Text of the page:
My daytimer is old fashioned. It has a zipper and index tabs, calendars, and well thumbed pages. It holds notecards and stamps, for meaningful correspondence. It spills over with theatre tickets, dental appointments and sticky notes, with birthdays and anniversaries, pencilled in, in the
hopes that I'll remember.

It's a portable office, really, with lists of clients, resources, and an optimistic forward calendar up to 2010.

At the very front, scribbled on a sticky note, are words of gold.

"When you shift from a "compulsion to survive" toward a " commitment to serve others" your life will explode into success".

I wish they were my words, but they belong to Robin Sharma, author-mentor-coach-speaker.

However, where the words come from isn¹t nearly as important as what we do with them.

Since my day-to-day life embraces those remarkable people who choose to start their own businesses, I think these words have even greater significance. People with the energy, commitment, courage, humour and resourcefulness to work for themselves often find truth in this statement. At first we start businesses to survive, to do it differently, to meet a need that we've just identified.

But soon after, the word "service" must enter our lexicon if we¹re to stay in for the long haul.

This proved true Wednesday night several hundred times over when the gymnasium at Georgian College was transformed into a glamorous reception and banquet facility to host the Bell Canada Business Awards. Organized by the Greater Barrie Chamber of Commerce, assisted by the City of Barrie's Economic Development Office and sponsored by Bell Canada, the awards recognize 10 categories, with the 11th being Entrepreneur Award of Excellence.

While all of the nominees in all of the categories are recognized for their business excellence, they were applauded for their community service. And whether the finalists were the top winner in their category, or simply a finalist, it is a proud moment to be selected by your peers. Retail nods went to Bradford Greenhouse; Manufacturing went to GreGor Homes; Service went to The Jones Group; Hospitality to Michael & Marion's; Home Office to Lighthouse Consulting. New Business went to TNR Industrial Doors, an employee-takeover of a business being closed by its American owners. Marketing went to Jeff Walters Diamonds. CFB Borden took the Community Award. Island Ink Jet won the Green award and Water Depot was chosen Mayor's
employer of the year.

And then Barrie's godfather of service excellence, pioneer of retail, staff, and self management, Arch Brown, took the podium to introduce the award which bears his name. All of us, whether in business, or working for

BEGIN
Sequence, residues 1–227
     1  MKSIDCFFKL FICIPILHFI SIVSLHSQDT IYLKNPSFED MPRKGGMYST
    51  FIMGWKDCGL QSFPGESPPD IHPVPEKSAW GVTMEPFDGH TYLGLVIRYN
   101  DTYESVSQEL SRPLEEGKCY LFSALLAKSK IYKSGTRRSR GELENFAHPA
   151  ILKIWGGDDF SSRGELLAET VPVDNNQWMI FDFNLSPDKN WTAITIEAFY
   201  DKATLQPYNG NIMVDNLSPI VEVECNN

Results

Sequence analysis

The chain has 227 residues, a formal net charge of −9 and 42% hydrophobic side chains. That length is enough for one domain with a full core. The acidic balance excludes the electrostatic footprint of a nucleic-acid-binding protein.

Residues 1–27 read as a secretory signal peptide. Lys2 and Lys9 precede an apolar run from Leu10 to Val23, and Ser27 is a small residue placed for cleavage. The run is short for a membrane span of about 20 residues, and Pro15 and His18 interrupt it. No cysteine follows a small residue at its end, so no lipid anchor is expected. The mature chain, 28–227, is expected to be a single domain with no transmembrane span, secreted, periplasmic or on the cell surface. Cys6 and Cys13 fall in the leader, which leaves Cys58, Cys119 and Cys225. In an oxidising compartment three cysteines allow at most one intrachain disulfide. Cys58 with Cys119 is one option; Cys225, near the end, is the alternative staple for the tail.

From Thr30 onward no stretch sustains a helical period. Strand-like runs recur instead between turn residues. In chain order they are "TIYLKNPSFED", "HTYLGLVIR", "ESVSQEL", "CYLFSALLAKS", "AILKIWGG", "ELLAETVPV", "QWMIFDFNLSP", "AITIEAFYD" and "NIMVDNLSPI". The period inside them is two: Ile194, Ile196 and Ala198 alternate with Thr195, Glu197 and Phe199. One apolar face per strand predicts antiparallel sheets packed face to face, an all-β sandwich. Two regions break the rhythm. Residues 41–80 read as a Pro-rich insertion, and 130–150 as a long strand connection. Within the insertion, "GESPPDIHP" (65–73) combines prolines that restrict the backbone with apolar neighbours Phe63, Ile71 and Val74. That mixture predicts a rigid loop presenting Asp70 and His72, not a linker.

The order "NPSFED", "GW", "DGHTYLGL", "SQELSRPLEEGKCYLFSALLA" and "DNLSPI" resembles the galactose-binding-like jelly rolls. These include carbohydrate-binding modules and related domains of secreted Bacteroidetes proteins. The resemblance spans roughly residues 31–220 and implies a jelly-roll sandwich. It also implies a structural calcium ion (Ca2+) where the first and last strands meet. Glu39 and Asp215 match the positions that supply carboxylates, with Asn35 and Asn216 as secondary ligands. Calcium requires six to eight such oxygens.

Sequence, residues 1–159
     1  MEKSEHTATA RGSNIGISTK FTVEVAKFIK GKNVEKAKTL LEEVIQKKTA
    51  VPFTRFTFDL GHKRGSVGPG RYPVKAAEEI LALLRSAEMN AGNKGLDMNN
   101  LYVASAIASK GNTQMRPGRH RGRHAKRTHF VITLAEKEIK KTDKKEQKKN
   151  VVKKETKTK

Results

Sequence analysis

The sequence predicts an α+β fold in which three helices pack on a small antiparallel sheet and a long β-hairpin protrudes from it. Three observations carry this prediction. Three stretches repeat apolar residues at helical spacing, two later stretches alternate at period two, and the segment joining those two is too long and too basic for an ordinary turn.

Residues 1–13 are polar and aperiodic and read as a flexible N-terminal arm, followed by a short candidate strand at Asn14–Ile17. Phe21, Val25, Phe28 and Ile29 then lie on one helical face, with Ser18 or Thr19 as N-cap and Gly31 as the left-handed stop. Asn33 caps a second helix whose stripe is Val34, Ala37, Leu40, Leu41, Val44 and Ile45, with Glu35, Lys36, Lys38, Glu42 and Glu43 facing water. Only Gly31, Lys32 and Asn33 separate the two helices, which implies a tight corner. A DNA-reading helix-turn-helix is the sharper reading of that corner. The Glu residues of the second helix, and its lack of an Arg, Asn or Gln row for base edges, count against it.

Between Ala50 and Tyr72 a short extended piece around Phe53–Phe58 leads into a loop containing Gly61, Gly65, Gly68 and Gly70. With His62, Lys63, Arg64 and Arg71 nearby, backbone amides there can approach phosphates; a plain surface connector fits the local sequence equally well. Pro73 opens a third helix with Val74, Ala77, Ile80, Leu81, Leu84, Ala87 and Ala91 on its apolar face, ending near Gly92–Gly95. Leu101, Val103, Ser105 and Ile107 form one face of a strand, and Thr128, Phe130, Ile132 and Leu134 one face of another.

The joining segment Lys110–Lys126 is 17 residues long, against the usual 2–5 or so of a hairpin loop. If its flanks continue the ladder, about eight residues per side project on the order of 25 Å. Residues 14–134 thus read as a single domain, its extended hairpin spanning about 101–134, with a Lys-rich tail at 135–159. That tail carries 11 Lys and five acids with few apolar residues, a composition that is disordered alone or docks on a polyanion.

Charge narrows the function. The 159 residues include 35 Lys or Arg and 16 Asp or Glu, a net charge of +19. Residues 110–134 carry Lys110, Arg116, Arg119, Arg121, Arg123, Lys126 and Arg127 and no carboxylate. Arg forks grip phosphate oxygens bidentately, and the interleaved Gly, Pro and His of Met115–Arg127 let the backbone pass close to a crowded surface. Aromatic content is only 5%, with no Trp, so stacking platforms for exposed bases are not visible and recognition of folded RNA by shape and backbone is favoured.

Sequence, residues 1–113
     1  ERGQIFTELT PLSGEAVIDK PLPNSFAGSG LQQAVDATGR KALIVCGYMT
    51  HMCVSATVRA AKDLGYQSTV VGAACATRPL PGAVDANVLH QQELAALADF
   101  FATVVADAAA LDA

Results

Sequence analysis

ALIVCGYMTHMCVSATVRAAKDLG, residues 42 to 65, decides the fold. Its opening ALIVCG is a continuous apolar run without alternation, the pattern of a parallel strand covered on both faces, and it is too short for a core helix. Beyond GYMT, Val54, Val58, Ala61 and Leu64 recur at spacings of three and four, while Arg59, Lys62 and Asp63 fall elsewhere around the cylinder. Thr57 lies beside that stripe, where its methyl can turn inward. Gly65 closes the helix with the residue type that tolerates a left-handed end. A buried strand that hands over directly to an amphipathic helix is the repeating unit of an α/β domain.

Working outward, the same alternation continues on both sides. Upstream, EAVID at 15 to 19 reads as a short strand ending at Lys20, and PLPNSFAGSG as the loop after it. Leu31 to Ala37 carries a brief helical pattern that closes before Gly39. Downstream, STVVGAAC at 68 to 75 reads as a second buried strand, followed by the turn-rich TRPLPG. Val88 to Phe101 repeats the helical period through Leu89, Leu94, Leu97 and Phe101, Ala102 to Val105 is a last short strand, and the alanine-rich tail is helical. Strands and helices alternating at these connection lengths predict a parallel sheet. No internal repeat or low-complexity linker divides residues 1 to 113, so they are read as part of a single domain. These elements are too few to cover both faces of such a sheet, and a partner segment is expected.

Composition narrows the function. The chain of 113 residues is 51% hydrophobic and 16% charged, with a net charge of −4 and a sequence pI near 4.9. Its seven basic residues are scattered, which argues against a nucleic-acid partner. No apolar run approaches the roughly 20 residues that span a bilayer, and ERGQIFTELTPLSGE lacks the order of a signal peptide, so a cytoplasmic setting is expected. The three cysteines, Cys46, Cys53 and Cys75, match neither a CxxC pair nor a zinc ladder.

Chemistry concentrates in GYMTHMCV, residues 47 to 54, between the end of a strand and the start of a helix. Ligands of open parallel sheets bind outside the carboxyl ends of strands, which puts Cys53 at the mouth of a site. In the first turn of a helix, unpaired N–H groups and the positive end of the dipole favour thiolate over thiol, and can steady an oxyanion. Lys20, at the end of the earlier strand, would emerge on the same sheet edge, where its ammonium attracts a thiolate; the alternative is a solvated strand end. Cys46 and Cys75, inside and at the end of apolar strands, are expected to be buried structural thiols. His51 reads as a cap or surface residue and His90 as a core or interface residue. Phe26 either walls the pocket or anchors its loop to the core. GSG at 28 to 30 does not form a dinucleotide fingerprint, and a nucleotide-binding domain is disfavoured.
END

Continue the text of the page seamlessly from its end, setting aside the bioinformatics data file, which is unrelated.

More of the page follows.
someone else, would benefit from Arch's reminder to us. As Arch applauded Alfred Hambsch of Barrie Metals as recipient of "his" award, he graced us all...

He said he started this award to show appreciation for the community's support of his 33 years as a local Canadian Tire dealer... the largest store north of Toronto. He wanted to perpetuate and promote entrepreneurship. He didn't want to participate in the selection, but he sure wanted a hand in the rating guidelines.

While the real estate industry is known for "location, location, location" Arch feels the words of a major retail success have to be "service, service, service."

He commented that businesses in every category could fall into the same genre.

"The public craves service. Those who offer service have a simpler task." Arch, who has received both an Order of Ontario and an Order of Canada, points out that the awards are not related to his business acumen, nor his retailing beliefs, but to his consistent service to his community.

So, why am I going on about this, you ask?

Well, first because of the awe-some plethora of volunteer and service talent represented at the podium on Wednesday night. Each of the businesses recognized for excellence has a strong commitment to service, to looking outside themselves and seeing a need and meeting that need head on. Every one of the businesses present has a strong, rich history of giving. They give well in their businesses and they give to their community.

And then there is the team of skilled businesses who actually produce the awards. Beyond the sponsorship of Bell and local media, dozens of individuals served as judges, worked to create the magic of the evening.
Those folks are giving service, too.

Isn¹t this one of the best things about Barrie? It¹s the rich fabric of community, with an ability to put our shoulders to the wheel and achieve enormous feats all in the name of service.

So let's look at that line again... "When you shift from a "compulsion to survive" toward a "commitment to serve others" your life will explode into success."

Sounds do-able. Belongs at the front of my book. Gives direction on living a great life.

Thanks, Arch. And thanks to the excellence represented by each of the nominations for these awards.

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